All it took was a video clip to convince Ms Annie Sun to buy an apartment.
That was about five years ago when she received a telephone call from her housing agent telling her about a Tanjong Rhu apartment with a great view. She was in Italy then on a business trip with her husband Jimmie Lee, 63. He is the chairman and founder of wellness company Dynaforce International - it provides gyms and spas for luxury projects and hotel properties - where she is the group chief executive officer.
To seal the deal, the agent sent them a 20- second clip which gave them a virtual tour of the 2,000 sq ft 99-year unit with three bedrooms. Once the couple saw how the balcony and rooms opened up to a spectacular view of the Kallang River and the National Stadium, which was being rebuilt then, they were sold right away.
Ms Sun, 45, concedes: "It's not the same as seeing the house in person... But when we returned to Singapore and took our first look at the apartment, we were glad we took that leap of faith."
Besides the view, the privacy the unit offered was also a big draw. "It was important to us that no neighbours can look into our home from all sides," says Ms Sun, who paid about $2.6 million for the apartment.
Next came the renovation. Ms Sun gutted the interiors and reworked the layout.
To accommodate a walk-in wardrobe, she enlarged the master bedroom by merging two rooms. The space for clothes is split evenly between the couple, though she also gets shelf space for her designer bags. The remaining room is set aside as an ensuite guestroom.
The couple, who have no children, each used to live in a bungalow in Bukit Timah. But when looking for a place to live together, they decided on an apartment as they travel often and want a smaller space that is easier to maintain.
The Shanghai-born Ms Sun proudly compares her home to a hotel suite, which is unusual as most people see their home as a cosy after-work haven.
"Bungalows have their own set of problems, such as warped floors, water pipe issues and gardens to maintain," she says. "We travel a fair bit and I didn't want us to exert ourselves when we returned home. And the place has to be of hotel standard, where everything is in its place and the luxury and comfort are there."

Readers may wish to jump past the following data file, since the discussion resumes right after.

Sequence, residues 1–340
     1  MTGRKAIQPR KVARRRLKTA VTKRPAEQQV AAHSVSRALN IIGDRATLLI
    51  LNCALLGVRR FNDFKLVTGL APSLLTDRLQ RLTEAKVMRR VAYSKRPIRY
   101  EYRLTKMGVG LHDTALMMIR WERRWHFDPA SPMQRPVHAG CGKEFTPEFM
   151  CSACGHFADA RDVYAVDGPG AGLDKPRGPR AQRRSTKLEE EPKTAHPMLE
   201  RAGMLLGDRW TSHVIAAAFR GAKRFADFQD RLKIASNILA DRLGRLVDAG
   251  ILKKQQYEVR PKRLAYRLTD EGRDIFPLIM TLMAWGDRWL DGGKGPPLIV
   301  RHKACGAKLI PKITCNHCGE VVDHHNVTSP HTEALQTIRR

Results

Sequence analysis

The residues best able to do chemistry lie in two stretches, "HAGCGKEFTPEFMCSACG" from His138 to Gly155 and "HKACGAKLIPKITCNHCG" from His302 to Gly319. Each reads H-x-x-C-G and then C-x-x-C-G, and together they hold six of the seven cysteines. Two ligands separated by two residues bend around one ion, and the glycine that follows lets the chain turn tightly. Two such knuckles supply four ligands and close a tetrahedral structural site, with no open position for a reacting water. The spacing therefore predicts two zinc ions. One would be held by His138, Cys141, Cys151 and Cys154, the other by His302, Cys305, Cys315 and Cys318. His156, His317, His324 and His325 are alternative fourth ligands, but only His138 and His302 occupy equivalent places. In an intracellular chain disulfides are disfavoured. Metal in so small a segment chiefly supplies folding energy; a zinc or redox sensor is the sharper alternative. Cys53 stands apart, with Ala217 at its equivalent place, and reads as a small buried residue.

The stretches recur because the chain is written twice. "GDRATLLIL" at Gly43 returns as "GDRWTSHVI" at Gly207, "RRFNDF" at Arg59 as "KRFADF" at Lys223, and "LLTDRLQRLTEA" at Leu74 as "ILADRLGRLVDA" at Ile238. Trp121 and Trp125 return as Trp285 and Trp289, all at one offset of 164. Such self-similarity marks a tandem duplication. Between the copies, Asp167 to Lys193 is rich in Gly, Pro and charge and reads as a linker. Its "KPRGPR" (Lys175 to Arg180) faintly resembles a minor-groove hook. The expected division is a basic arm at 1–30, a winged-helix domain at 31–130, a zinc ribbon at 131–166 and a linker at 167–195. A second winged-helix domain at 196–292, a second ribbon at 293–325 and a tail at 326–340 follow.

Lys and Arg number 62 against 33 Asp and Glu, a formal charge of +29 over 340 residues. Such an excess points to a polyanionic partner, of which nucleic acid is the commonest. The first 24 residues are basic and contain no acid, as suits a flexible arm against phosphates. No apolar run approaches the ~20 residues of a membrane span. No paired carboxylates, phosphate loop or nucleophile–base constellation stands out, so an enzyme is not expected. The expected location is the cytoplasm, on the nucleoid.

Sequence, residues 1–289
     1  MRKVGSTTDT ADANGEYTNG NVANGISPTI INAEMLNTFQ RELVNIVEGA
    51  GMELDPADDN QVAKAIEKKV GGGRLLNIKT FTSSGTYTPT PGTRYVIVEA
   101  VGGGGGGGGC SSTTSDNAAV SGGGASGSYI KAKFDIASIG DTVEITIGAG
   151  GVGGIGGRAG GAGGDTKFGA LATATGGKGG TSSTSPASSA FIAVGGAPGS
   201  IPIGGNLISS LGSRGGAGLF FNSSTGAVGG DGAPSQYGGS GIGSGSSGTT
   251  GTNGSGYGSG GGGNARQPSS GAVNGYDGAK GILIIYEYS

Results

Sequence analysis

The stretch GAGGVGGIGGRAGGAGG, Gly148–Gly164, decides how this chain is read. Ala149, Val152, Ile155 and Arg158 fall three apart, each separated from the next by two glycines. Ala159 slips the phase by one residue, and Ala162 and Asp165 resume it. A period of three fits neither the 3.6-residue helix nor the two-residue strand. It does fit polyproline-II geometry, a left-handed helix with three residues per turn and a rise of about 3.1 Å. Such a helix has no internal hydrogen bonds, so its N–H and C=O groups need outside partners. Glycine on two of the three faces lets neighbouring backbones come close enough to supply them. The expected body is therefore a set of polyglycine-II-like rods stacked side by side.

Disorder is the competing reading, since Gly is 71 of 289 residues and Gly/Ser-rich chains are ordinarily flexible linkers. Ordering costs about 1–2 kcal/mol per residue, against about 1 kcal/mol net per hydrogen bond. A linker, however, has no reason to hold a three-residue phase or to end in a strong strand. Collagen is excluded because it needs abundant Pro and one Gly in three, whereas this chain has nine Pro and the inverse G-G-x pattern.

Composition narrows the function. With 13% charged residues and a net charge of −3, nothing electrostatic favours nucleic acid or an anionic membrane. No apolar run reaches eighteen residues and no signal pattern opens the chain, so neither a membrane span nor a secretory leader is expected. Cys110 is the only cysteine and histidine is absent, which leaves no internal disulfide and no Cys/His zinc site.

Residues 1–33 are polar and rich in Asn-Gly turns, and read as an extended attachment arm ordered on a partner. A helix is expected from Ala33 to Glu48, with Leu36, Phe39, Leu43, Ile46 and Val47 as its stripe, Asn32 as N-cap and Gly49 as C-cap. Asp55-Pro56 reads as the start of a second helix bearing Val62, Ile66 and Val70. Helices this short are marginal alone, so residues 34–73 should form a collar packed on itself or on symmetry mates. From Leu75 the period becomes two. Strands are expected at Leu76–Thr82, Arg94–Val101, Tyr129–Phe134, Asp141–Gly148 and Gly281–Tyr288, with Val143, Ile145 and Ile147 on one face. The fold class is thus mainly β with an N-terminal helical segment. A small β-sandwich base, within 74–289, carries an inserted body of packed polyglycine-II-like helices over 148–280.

Part of the $300,000 remodelling budget went into creating an open-concept kitchen, which has an L-shaped bar countertop with eight tall stools. She removed the walls around the kitchen, which she found "claustrophobic".
Ms Sun, who entertains often, says: "People can have dinner at the counter or mingle like it's a cocktail party."
The decor of the apartment reflects her Shanghainese heritage and her love of Paris, which she visits at least once a year.
The walls in the living room have been painted with a flat brush instead of a roller to give it a textured, velvety look, while black cornices frame the white walls, lending the space a chic French flair.
Among the buttoned armchairs by luxury furniture label Boffi and lamps and side tables from Armani Home is a traditional Chinese silk painting, which she bought from an art school in Lijiang, China. There is also a Chinese hunting chair from an antique furniture shop here.
"I think the best style is when East meets West, when you take heritage pieces and mix them with a European theme. This gives a contemporary feel so the place does not look old-fashioned."
The couple also hunt for quirky art pieces. A leather lion they bought from Lotus Arts de Vivre in Raffles Hotel greets guests at the entrance, while a mini zebra's head is perched on a decorative bowl adorned with rose quartz.
Says Ms Sun, who has signed pieces from Brazilian neo-pop artist Romero Britto among others: "We're not serious collectors but when I do buy a piece, I like to get the artist to sign it so that it's personalised. I feel that makes it more than just a limited piece... It becomes one of a kind."
She is herself a budding artist. She picked up Chinese calligraphy and painting as a child and recently rekindled her passion for both. She has created a space in the balcony to paint bamboos and write Chinese characters on rice paper. She practises her strokes a few times a month when she is home. "It evolved from being a home gym to where I practise my hobby. Doing this recharges my energy."
While it seems like she engineered the whole look without her husband's input, she laughs and says of Mr Lee: "I'm more into the theme of the apartment and the details of what goes into it. He's more concerned with the functionality of the space. I guess we complement each other."
This article was first published on June 21, 2014.
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